Nearly five thousand people were killed in these tragedies

Even as the Congress on Wednesday sought to play down Sanjay Gandhi's role during the Emergency as part of “history'' — which it said could not be only “goody-goody'' — as described in “Congress and the Making of the Indian Nation,'' the book dismisses the anti-Sikh riots in Delhi and the Bhopal gas leak disaster in just one paragraph.

Nearly five thousands people were killed and thousands affected in these tragedies. Importantly, there is no mention of the 1962 India-China war.

In a chapter “Rajiv Years,” the book says: “When Rajiv Gandhi took the reins of government, the situation was grave. In reaction to Indira Gandhi's assassination by her two Sikh guards, there were nationwide riots against the members of the Sikh community. Nearly, 2,800 people were killed in Delhi alone. The first task of Rajiv Gandhi was to quell the riots and restore confidence among the Sikh community. Another crisis that had to be handled was the Bhopal gas leak in which 2,000 people lost their lives and thousands were affected.'' The paragraph ends with: The next task was to secure a mandate from the electorate.

Pranab Mukherjee, who is the chief editor of the book, introduces it as not only a short history of the Indian National Congress but, to a considerable extent, the history of the Indian people. “These volumes give us a glimpse of how the Congress, over the past 125 years, traversed the path of Indian nation-building through extremely difficult challenges, both external and internal.”

The Nehru Era chapter describes how Jawaharlal Nehru outlined five principles of peaceful coexistence among countries, termed the Panchsheel, which envisaged mutual respect for each other's territorial integrity and sovereignty, non-aggression, non-interference in internal affairs, equality and mutual benefit, and peaceful coexistence. These principles became the basis of the Non-Aligned Movement, the chapter says as it goes on to add that India in the years from 1951 to 1964 settled on a road to stability and prosperity.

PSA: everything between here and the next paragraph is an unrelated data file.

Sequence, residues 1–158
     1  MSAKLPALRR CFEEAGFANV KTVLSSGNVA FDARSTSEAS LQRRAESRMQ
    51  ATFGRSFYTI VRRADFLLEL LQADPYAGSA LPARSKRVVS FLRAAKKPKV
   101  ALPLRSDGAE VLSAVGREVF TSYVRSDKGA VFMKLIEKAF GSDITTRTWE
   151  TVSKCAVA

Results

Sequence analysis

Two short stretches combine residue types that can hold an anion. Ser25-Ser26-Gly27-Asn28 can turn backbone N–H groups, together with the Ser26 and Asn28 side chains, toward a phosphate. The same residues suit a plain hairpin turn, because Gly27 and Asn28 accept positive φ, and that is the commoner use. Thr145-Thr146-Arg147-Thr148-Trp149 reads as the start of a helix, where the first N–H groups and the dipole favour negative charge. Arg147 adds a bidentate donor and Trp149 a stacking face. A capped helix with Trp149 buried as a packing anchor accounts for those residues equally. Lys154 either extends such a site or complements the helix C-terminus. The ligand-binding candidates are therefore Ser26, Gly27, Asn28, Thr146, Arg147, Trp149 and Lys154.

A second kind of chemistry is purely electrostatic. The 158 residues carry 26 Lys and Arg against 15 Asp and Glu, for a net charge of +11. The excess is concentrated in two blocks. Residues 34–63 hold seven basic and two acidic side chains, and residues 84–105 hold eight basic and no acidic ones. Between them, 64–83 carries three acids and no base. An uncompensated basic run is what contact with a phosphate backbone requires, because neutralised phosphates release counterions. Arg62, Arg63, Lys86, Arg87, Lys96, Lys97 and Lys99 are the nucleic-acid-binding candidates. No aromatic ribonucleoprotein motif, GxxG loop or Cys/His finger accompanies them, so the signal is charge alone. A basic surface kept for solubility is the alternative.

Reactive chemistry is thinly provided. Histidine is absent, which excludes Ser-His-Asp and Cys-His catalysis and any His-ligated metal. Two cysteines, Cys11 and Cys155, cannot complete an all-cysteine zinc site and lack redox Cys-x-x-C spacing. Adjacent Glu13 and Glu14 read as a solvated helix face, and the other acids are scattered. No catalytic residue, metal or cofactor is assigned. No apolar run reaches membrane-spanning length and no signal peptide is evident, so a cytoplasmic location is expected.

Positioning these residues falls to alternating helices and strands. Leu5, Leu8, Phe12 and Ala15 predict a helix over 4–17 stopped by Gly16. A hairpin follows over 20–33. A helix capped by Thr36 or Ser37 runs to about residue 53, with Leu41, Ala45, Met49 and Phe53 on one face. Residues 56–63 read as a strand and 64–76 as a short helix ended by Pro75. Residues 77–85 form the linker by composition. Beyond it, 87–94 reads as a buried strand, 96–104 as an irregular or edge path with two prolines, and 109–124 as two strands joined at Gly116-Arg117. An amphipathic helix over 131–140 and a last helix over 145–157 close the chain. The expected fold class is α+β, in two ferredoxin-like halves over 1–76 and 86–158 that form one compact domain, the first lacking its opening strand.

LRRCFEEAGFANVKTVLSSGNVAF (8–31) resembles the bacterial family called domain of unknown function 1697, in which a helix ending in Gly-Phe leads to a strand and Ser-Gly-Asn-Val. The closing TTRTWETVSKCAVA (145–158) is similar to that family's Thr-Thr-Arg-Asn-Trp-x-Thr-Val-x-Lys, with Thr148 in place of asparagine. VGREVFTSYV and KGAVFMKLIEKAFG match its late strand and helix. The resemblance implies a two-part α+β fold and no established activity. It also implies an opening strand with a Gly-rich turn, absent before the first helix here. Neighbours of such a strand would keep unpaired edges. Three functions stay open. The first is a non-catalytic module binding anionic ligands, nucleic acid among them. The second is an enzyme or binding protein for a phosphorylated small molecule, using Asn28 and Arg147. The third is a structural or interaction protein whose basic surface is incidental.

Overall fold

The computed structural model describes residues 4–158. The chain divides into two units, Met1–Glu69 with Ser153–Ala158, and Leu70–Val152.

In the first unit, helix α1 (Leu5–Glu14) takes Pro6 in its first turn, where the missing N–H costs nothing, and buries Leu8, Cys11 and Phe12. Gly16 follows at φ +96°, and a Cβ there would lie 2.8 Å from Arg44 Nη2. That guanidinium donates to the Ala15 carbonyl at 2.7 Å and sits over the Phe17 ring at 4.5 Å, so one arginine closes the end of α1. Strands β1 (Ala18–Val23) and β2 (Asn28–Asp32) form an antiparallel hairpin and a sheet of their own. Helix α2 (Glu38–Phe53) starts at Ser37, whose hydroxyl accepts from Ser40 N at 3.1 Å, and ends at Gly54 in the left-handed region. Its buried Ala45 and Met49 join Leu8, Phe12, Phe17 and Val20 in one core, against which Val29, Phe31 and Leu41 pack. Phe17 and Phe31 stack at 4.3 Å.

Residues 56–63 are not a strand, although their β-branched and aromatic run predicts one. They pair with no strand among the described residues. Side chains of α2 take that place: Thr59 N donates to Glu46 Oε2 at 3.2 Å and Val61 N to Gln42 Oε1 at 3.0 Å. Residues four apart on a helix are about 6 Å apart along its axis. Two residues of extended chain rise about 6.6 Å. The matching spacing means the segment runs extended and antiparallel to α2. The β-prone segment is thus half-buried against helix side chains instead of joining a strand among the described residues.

Seeking to clarify that the party had neither meant to “demean'' or “disown'' Sanjay Gandhi by suggesting that his manner of functioning during Emergency was “arbitrary and authoritarian,'' Congress spokesperson Shakeel Ahmed said whatever was written was history and should not be read in any other context.

“There is nothing new in the book. The Emergency period had created unpopular sentiment for which the then party president Indira Gandhi had expressed regret to the people. History is not all about goody-goody things,'' Mr Ahmed said.

According to him, it was a team of historians that compiled the book and the Congress fully endorsed it. “It should not be read in any other context. In fact, the book itself says Sanjay Gandhi was a leader of eminence, prominence and significance,'' he said.

He also sought to dismiss the interpretation that party president Sonia Gandhi was being compared to Mahatma Gandhi. “She was only inspired by Mahatma Gandhi's sacrifices when she refused to become the Prime Minister,” he explained.

“People looked upon Sonia Gandhi's renunciation of power as reminiscent of the Mahatma,'' the book suggests in a chapter “Congress in Coalition'' that trace the Congress' return to power in 2004.

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